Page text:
During the day we would take little dinghy boats to shore and watch the penguins making their nests - by stealing rocks from other penguins - or hike around, or go sledding (just on our snowpants); and at night we would eat phenomenal meals, lovingly prepared by our chef from Papua New Guinea (who knew?), and then develop indigestion from laughing hysterically about whatever topics were being discussed. Like Whitney's dream she had just awoken from, which was really more of a nightmare for her. In the dream, she realized that she couldn't speak or hear or see. She looked at us, in all seriousness, and said "I had lost my powers!". Love her.

We spent 10 days sailing through some of the most incredible scenery, and observing some of the most endearing wildlife, and I got to experience it with a small group of warm, funny thoughtful people who made me laugh.
Back at work, during Joy's "fancy trip" recap, she informed us that she was the only person on the trip under the age of 70. God bless the budget trip!

In the immortal words of Rap Artist, Nelly:

"I like the way the light hit the ice and glare"

I'm pretty sure he was talking about Antarctica.

The passengers from Joy's trip would say "Nellie Olsen is singing now?"

Brazilian Grande

When traveling, I do my best to support the local economies. That's just the kind of philanthropic girl I am. Supporting/shopping, potato/potahto.

Things I bought in Brazil:

  • Multiple caipirinhas

  • Snacks - this great peanut, carmelized sugar snacky thing - I still have dreams about it

  • Skimpy red dress (skirt/top)
As I mentioned previously, when traveling, I like to blend in. In Brazil, this skirt/top thing was blending. In Seattle, it is glaring, and if I wore it outside of my apartment, I would likely be arrested. This was one of those purchases that absolutely does not translate "back home". But, as traveler/shoppers know, it is very easy to be lulled into the false sense of attire-familiarity, and think "This is GREAT, and I will absolutely wear it at home!" Stupid foreign-shopping goggles. I imagine the shopping goggles look something like this:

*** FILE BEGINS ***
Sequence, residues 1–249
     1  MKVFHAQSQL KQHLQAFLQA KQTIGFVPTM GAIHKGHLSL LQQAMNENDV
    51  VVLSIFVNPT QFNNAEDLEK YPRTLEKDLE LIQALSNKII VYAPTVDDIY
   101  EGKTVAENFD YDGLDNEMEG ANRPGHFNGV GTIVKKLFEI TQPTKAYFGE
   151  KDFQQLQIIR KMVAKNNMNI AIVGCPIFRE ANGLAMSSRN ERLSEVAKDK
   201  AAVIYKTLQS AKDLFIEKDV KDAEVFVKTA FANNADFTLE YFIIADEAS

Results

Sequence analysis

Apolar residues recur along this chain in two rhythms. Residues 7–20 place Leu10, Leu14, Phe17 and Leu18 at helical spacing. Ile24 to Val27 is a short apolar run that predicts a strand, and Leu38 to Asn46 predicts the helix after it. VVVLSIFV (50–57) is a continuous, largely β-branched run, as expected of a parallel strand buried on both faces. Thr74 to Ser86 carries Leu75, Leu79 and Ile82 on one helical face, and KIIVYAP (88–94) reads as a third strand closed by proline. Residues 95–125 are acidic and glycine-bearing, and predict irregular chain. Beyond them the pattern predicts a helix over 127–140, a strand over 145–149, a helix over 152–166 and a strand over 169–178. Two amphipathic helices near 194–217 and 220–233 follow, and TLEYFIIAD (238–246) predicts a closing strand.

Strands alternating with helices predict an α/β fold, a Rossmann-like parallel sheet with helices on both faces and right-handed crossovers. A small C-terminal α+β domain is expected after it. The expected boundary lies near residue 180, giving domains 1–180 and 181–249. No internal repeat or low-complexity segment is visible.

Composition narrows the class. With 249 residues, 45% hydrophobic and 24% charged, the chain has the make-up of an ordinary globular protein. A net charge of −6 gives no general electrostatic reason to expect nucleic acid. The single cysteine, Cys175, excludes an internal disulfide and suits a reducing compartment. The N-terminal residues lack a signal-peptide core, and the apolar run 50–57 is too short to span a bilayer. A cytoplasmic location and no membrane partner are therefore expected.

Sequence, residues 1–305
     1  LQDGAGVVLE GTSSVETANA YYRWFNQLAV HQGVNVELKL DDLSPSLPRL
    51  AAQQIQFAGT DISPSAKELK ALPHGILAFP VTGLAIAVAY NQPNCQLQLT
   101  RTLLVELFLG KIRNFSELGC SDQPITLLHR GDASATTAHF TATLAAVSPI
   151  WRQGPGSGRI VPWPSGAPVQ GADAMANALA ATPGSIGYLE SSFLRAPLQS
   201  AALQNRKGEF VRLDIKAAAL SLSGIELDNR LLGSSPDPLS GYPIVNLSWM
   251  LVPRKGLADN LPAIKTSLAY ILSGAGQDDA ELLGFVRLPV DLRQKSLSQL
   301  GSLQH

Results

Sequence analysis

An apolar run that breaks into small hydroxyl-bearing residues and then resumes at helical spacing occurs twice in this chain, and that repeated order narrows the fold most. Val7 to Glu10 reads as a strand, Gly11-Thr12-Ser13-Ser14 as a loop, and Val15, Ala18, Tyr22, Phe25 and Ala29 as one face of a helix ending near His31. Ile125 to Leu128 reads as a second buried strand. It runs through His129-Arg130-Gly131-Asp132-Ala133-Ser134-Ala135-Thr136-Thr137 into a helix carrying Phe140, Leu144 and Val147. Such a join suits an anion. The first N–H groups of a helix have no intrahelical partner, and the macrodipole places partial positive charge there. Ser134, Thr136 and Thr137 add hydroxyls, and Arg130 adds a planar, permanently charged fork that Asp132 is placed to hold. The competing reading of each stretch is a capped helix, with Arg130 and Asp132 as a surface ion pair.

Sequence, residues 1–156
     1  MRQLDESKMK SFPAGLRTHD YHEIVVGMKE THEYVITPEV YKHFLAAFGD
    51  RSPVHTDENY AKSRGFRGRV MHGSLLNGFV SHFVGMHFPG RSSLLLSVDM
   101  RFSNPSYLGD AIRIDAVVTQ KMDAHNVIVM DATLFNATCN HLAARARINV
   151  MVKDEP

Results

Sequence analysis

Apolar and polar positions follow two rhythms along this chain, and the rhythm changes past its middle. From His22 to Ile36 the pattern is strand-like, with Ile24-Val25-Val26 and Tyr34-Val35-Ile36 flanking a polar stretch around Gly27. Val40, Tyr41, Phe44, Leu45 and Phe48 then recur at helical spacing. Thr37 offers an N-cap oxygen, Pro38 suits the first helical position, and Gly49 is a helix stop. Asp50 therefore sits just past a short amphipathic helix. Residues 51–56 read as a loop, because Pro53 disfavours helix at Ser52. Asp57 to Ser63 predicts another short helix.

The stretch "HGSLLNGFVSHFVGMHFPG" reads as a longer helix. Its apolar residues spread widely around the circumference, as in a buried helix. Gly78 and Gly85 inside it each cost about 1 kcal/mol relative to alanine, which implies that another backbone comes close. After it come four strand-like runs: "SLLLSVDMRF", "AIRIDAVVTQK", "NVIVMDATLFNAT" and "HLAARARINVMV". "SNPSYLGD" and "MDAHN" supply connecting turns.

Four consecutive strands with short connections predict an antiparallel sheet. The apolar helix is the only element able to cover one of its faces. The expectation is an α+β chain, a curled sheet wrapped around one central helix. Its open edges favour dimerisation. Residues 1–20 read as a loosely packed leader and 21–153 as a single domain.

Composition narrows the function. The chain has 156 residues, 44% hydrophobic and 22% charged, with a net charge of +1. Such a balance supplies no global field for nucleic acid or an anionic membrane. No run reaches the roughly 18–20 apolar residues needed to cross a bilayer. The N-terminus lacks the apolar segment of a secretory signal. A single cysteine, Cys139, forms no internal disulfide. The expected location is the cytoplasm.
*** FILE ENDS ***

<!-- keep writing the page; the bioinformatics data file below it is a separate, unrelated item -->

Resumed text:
And another purchase that would be likely to get me arrested:

  • Skimpy red bikini - "skimpy" is the only flavor that Brazilian bikinis come in. Even when you try to buy a little more coverage by purchasing a Grande (large) bottom. No such thing. I think Grande in Portuguese just means "the side ties are longer, but your ass will still be quite visible". This is pretty much the size of my Brazilian Grande bikini.

It is, unfortunately, not the size of my American Grande booty, and I did not look anything like that on the beaches of Brazil.

Luckily, for everyone, Herb has this habit of chewing on straps, and strings on garments. Needless to say, beaches everywhere (and the spectators at Hi Five's pool) are safe from my Brazilian Grande, as the straps have been carefully gnawed off by a concerned citizen.

Shop carefully, travelers. Shop carefully.

Monday, May 21, 2007

Speaking of Brazil

My Portuguese Next-Blog Neighbor (who moved) may, in fact, have been Brazilian. They do speak Portuguese in Brazil, and it sounds just as good.
Some of the things Brazil has going for it:
1) Gorgeous language
Não este som grande?

2) Gorgeous Rodrigo Santoro

3) Capirhinias

4) And, of course, the women:

I was on the Semester at Sea ship, sailing from Havana, Cuba to Salvador de Bahia, Brazil. Or, as I remember it, from Mojitos to Caipirinhas. Sailing with me were roughly 500 college students. College students are occasionally known to succumb to peer pressure.

There is an ancient maritime tradition of shaving the heads of sailors, when crossing the Equator by ship. Semester at Sea offers this (voluntary) tradition up in the spirit of travel and camaraderie. On my particular trip, there were approximately 20 girls who decided to join in this tradition.